Africa’s socioeconomic status has been a debated subject for a long time now. The narrative that Africa is on the rise has been tossed between validation and negation for over a decade. However, it appears that top British banks are no longer on the optimistic side of the debate.

UK’s financial conglomerate Atlas Mara Ltd (Atma), which had acquired banks in seven African countries, is at the tail end of exiting the continent. It has termed its African investments “risky” and the sub-Saharan African macroeconomic environment as “challenging”.

The Citizen reported that the bank’s holding company, which is listed on the London Stock Exchange, says “currency volatility and drying up of liquidity in African markets adversely impacted its operations”. This raises questions around the prospects of banking in Africa, seeing that Atlas Mara isn’t the first British lender to exit the African market.

Africa is a large and underexploited market. The IMF once predicted that the continent’s predominantly young population will become a billion workforce by 2035. Western players see Africa’s growth potential and expand their operations into the continent with hopes of sustainable growth. While there are success stories such as Coca-Cola and Nestle, others didn’t make it to shore. British banks are among those who found it difficult to continue doing business in the African market.

Like other economies, the Covid-19 pandemic hurt financial institutions across the African continent, with many African central banks struggling to provide liquidity support for local banks impacted by the crisis. But according to Atma’s annual financial statements for the 14 months to February 28 this year, Africa’s equity market decline last year was 60 per cent worse than in other emerging markets, reflecting a particular “risk-off” view of African investment.

Formed in 2013, Atlas Mara had sought to become a leading player in sub-Saharan Africa after acquiring banks in some 15 different countries. Unfortunately, high operating costs and bad economic conditions in certain host countries made it harder for the company to find a way out of its precarious financial situation and restore investor confidence.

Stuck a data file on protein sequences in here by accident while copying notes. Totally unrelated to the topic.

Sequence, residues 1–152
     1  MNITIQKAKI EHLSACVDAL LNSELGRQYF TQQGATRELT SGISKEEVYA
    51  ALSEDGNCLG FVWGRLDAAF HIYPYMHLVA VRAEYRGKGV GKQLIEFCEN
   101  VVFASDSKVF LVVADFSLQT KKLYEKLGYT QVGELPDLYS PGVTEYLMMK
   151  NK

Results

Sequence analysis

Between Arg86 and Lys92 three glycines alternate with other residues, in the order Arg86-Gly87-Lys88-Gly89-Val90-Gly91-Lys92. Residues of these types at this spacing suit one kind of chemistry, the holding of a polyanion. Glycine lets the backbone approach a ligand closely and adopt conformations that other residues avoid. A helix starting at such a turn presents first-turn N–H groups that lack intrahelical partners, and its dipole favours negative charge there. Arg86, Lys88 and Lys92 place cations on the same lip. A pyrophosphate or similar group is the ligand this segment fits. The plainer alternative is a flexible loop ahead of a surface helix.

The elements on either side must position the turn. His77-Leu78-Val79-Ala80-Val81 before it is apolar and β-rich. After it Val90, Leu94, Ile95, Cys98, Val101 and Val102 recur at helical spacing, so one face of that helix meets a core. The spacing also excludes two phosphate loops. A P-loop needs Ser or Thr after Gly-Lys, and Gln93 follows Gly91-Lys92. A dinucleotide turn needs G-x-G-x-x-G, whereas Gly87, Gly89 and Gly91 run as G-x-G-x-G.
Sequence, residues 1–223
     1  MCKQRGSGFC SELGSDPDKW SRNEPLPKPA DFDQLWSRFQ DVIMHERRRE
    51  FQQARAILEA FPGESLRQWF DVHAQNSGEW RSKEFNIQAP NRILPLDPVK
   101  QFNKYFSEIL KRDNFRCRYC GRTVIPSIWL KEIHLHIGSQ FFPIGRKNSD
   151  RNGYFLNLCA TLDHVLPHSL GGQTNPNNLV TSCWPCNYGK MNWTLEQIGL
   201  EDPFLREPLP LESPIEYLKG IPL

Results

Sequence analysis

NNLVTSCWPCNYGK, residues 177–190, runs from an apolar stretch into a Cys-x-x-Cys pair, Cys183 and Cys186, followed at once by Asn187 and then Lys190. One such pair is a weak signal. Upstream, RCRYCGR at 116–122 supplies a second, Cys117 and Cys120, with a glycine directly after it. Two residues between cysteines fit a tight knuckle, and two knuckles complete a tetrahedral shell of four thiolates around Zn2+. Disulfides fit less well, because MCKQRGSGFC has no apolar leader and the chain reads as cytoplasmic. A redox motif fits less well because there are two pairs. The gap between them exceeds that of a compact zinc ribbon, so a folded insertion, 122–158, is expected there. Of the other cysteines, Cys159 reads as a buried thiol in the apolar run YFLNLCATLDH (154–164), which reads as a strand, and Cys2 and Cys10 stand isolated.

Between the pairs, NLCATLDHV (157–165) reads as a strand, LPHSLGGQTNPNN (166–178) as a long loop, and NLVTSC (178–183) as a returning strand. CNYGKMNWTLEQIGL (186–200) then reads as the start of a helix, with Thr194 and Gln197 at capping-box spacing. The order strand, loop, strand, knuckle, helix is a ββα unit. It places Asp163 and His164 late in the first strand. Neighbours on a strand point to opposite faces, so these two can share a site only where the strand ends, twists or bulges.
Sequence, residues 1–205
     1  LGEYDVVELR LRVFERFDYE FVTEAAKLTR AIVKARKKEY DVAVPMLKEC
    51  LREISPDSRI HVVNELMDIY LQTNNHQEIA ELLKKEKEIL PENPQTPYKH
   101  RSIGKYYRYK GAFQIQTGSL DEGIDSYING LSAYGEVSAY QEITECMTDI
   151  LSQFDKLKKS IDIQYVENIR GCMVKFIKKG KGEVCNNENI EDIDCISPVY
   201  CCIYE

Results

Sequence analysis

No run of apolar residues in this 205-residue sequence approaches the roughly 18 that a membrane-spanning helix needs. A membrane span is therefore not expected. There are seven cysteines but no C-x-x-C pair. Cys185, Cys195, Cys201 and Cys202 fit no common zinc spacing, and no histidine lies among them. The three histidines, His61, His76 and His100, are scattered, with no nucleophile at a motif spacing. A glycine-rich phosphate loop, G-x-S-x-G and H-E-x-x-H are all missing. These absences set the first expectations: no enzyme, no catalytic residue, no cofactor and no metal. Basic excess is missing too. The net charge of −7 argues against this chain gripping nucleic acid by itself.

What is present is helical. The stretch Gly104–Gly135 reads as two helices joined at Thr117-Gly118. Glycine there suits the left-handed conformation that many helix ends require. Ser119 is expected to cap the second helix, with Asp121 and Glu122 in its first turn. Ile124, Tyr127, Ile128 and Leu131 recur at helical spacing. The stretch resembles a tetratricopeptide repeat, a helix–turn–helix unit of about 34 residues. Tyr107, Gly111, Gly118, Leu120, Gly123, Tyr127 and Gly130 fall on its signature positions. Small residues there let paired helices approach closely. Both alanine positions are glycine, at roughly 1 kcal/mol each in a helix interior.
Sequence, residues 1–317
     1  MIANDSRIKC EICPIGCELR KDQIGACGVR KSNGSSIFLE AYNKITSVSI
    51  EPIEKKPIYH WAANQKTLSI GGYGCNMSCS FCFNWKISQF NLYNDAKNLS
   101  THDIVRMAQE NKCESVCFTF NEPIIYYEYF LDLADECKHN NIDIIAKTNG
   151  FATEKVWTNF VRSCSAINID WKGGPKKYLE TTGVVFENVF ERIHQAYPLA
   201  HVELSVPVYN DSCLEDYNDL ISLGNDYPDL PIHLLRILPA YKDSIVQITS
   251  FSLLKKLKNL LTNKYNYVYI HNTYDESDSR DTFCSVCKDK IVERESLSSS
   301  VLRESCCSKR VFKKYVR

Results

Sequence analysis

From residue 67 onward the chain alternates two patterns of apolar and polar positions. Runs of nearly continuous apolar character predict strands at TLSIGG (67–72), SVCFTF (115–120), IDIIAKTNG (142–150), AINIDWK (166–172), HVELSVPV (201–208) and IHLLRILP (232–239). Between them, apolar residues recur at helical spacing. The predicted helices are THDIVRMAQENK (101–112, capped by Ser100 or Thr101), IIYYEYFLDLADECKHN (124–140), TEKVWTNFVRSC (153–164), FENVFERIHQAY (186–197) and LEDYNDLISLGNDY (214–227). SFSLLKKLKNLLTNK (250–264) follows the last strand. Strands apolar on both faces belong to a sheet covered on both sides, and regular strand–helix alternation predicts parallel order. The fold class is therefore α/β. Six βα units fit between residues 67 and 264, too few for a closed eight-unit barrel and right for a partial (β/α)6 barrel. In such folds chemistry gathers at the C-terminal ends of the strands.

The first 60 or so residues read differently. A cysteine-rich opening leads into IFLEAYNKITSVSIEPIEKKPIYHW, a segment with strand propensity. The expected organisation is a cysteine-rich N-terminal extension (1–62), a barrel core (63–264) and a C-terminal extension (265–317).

“Major currency depreciations across the African markets in which the company operates resulted in a more than $145 million reduction in the dollar value of the company’s assets, and a decrease in the company’s debt capacity,” the report stated.

“With already constrained fiscal environments and relatively limited assistance from central banks, African markets have been unable to mount economic responses as impactful as those in the US or the EU. Local currencies, debt and capital markets remain under considerable pressure,” said Michael Wilkerson, Atma’s chairman.

A repeat of history

In 2016, Barclays announced its withdrawal from Africa after the company reported a two per cent profit drop and a dividend cut of more than 50 per cent per share. After operating in the market for over 100 years, the bank marked its complete exit from the region by gradually reducing its 62 per cent stake in Barclays Africa Group to a non-controlling stake of 14.9 per cent. Barclays Plc sold off business units it did not consider core operations and shifted attention to consumer, corporate and investment banking in Europe and the US.

Following the exit of Barclays Plc, Barclays Africa group – since renamed Absa Group Ltd, is listed on the Johannesburg stock exchange and owns stakes in 14 countries across the continent, including Kenya, Uganda, Tanzania, Mauritius, Namibia, Zambia, Seychelles, Ghana, Nigeria, Mozambique, Botswana and South Africa.

In April this year, Standard Chartered Bank Plc also announced its plans to reduce its global branch network by half to around 400. Standard Chartered looks to cut long-term expenses by permanently adopting changes to working practices and retail banking that were adopted due to the coronavirus pandemic. 

In 2014, Standard Chartered also hinted at plans to close up to 100 bank branches in Asia, Africa and the Middle East. It was an attempt to improve its profitability by cutting about eight per cent of its global network to save $400 million a year.

Lingering uncertainty

The COVID-19 pandemic dealt a huge blow to the banking industry. In its 2021 Financial Access Survey Trends and Developments report, the International Monetary Fund stated that Nigerian banks closed 234 branches in 2020. 

In the 2021 Regional Economic Outlook Report, the IMF noted that Africa would be the world’s slowest-growing region this year despite a more favourable external environment, mainly due to the health and economic crisis caused by the pandemic.

The World Bank has also projected growth for Africa in 2022 and 2023 to remain just below four per cent. According to the global lender, the continent’s economic recovery continues to lag, compared to advanced economies and emerging markets, reflecting subdued investment in sub-Saharan Africa.

A blessing in disguise?

The exit of foreign companies from the African market is not pleasant news. It has ripple effects on the economies of these countries. It doesn’t only make the African market less appealing to investors but will also increase unemployment.

However, this opens a market opportunity for the local players in the banking industry. Top lenders such as Access bank are now exploiting the opportunity to expand their operations in Africa. 

It also expands the growth opportunity for fintech in Africa. About 57 per cent of the African population do not have access to financial services. The inability of these British lenders to grow in Africa leaves a void for in-house banking solutions. Foreign investors are also bullish on the future of fintech in Africa, especially mobile money.

Written by Oluwatosin Ogunjuyigbe

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